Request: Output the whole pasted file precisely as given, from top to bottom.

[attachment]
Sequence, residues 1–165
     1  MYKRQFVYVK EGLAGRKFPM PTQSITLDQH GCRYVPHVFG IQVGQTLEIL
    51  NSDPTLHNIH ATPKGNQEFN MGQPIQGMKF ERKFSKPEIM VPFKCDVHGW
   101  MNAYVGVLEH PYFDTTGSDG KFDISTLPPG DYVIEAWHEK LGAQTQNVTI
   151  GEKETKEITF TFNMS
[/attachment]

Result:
Sequence, residues 1–165
     1  MYKRQFVYVK EGLAGRKFPM PTQSITLDQH GCRYVPHVFG IQVGQTLEIL
    51  NSDPTLHNIH ATPKGNQEFN MGQPIQGMKF ERKFSKPEIM VPFKCDVHGW
   101  MNAYVGVLEH PYFDTTGSDG KFDISTLPPG DYVIEAWHEK LGAQTQNVTI
   151  GEKETKEITF TFNMS